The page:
Yes, I am back in Chicago after eight really intense weeks commuting back and forth to the great Buckeye state for a client project (waiting to board that last flight from CMH to ORD tonight felt like the helicopter scene in Miss Saigon, but unlike Kim, I got out! Ha!). There’ll be lots more blog postings in the near future, although I’m taking a much needed break for a week or so, getting airdropped into a fabulous, undisclosed, inaccessible location for some cell rejuvenation (nope, I’m not going to show up in a VH1 reality show a couple of months from now!). My “welcome back to chi-town” gift was yesterday’s announcement of the nominees for last season’s Jeff Awards for Equity theater. Unlike last year, when I was pretty flummoxed, and then dismayed, and then angered, at what the Jeff committee came up with, I’m pretty impressed with their selections this year, and I’m glad to see that the Jeff committee’s theatrical taste has not totally gotten lost somewhere inside the Bermuda Triangle. I’m very thrilled with the nominations for Timeline’s The History Boys, Chicago Shakespeare’s Edward II, Court Theatre’s Caroline or Change (although where was Kate Fry’s nomination?), The Goodman’s pre-Pulitzer Ruined, and Drury Lane’s surprising, stripped down, Miss Saigon. These were some of the best theater you could have seen in Chicago, or arguably anywhere, last season – sophisticated, emotionally engaging, beautifully and imaginatively crafted. However, as it happens every year, the Jeff committee continues to perform heinous acts of nominations oversight. I find it particularly egregious that they failed to nominate Victory Gardens’ Blackbird, the best production I’ve seen this year hands down, for Best Play, despite the much-deserved acting nominations for its lead stars, William Petersen and Mattie Hawkinson. This is high-caliber, provocative, unshakeable, world-class theater, much better than some of the other nominees (say Twelfth Night). Speaking of Twelfth Night, the Jeff Committee predictably demonstrated once again that it likes it’s Shakespeare served traditional (maybe with scones and jam on the side?), otherwise why is there no Best Production nomination for Steppenwolf’s 21st century take on the Bard, The Tempest, despite a very justified Best Actor nomination for Jon Michael Hill? And where are the acting nominations for Francis Guinan, who gave impressively detailed performances in Kafka on the Shore and The Seafarer; for Ann Whitney, whose Big Edie in Grey Gardens, was both impressively strong-willed and heartachingly vulnerable. a performance that equally complemented and deepened Hollis Resnik’s nominated performance as Little Edie; and especially, for Carla Gugino who magnificently prevailed over boulders, a flying house, a mystifying Bob Dylan background score, Pablo Schreiber’s naked butt, and general excess in Desire Under the Elms, by vividly painting a train-stopping, defiantly contemporary O’Neill heroine?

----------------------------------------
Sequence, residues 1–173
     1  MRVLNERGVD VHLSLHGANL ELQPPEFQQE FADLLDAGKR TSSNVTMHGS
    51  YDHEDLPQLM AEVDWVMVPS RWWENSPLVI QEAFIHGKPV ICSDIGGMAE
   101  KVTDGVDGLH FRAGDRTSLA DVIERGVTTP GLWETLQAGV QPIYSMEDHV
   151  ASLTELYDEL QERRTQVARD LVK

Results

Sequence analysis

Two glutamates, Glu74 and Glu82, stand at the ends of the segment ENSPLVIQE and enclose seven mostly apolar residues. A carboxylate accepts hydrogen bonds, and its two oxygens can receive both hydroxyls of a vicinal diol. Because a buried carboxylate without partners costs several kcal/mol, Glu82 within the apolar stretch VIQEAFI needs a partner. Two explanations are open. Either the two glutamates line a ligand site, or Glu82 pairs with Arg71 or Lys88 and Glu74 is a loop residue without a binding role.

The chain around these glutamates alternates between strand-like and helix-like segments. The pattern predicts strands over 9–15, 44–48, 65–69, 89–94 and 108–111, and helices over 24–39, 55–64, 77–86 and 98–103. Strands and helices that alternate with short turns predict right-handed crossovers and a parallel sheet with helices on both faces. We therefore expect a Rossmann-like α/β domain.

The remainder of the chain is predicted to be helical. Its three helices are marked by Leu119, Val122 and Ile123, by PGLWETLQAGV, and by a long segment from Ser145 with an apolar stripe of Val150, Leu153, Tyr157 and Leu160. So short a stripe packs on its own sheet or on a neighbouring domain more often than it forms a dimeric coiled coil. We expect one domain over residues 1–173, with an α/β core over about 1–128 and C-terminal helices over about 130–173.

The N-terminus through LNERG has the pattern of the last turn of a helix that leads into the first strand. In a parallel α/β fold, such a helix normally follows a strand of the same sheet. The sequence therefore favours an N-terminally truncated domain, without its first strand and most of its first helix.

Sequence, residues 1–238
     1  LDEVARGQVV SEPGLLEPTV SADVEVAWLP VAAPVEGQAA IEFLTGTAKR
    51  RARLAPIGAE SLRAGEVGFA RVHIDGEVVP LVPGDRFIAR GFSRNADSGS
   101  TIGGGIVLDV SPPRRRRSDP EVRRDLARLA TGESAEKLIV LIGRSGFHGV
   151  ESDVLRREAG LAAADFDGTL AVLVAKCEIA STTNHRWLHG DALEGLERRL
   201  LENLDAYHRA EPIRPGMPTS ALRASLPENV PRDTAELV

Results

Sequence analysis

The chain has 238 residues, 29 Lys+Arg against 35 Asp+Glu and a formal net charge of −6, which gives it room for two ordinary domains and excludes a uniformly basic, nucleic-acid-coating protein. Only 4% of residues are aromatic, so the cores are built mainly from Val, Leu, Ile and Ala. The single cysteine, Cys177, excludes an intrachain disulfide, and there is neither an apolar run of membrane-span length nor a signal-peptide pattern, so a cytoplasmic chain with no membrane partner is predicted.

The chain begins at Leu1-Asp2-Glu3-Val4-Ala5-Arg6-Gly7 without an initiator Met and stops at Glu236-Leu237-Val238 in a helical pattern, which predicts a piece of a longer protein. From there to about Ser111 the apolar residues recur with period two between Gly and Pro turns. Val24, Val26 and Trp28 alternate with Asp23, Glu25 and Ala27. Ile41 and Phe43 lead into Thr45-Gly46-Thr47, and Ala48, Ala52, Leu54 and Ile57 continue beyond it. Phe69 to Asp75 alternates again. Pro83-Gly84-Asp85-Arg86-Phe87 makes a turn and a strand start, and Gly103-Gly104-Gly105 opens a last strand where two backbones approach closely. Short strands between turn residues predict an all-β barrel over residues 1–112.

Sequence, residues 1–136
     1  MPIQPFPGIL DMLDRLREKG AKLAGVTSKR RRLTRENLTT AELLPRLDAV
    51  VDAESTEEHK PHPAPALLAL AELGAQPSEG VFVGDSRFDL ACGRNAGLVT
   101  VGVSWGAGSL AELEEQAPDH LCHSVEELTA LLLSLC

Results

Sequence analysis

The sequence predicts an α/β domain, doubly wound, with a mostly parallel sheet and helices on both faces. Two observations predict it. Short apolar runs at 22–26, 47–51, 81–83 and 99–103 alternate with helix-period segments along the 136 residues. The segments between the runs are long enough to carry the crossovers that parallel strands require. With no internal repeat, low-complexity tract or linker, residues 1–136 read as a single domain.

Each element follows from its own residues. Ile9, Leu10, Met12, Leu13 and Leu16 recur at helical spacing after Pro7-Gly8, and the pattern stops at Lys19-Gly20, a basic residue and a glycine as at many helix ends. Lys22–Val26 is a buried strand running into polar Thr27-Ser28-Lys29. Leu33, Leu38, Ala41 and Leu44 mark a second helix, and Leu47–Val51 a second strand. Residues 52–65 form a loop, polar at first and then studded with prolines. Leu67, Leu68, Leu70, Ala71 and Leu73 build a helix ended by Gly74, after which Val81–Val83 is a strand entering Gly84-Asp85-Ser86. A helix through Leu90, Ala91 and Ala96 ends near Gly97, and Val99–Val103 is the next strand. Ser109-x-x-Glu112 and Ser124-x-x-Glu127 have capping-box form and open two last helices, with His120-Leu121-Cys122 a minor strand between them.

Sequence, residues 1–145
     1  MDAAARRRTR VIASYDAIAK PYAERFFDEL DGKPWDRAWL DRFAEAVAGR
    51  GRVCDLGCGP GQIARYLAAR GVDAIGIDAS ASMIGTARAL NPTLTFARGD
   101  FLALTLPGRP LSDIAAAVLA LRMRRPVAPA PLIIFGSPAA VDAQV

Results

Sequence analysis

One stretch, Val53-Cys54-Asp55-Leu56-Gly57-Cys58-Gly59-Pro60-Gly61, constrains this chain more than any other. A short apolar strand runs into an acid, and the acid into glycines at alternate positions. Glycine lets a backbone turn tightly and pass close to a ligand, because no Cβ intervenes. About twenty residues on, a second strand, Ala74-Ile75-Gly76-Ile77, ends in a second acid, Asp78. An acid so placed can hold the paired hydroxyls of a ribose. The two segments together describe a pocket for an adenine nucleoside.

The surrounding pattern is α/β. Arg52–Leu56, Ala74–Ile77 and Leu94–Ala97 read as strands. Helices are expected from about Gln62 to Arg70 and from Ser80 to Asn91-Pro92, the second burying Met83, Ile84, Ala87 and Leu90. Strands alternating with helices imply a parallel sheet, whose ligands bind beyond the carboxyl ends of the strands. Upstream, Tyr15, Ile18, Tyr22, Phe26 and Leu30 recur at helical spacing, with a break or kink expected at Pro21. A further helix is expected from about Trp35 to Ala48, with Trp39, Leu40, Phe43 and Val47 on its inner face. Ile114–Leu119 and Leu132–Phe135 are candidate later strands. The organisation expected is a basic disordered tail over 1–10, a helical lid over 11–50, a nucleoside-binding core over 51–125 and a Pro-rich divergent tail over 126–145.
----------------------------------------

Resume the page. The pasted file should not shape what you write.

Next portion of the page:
Tags: Jeff Awards